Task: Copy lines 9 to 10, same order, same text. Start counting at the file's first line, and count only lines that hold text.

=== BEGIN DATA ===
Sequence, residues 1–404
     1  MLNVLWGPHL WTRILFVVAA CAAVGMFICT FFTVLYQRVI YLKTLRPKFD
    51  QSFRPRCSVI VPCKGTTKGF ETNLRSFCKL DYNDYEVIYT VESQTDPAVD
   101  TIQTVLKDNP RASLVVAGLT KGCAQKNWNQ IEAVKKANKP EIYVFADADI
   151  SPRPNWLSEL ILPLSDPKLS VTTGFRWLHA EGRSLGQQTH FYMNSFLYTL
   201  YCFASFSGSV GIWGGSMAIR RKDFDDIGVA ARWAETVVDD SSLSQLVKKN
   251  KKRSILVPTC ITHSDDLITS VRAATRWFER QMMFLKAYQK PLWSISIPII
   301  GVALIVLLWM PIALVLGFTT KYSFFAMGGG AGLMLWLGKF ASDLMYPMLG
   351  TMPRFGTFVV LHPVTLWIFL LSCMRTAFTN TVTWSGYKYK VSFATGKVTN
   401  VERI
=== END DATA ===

   351  TMPRFGTFVV LHPVTLWIFL LSCMRTAFTN TVTWSGYKYK VSFATGKVTN
   401  VERI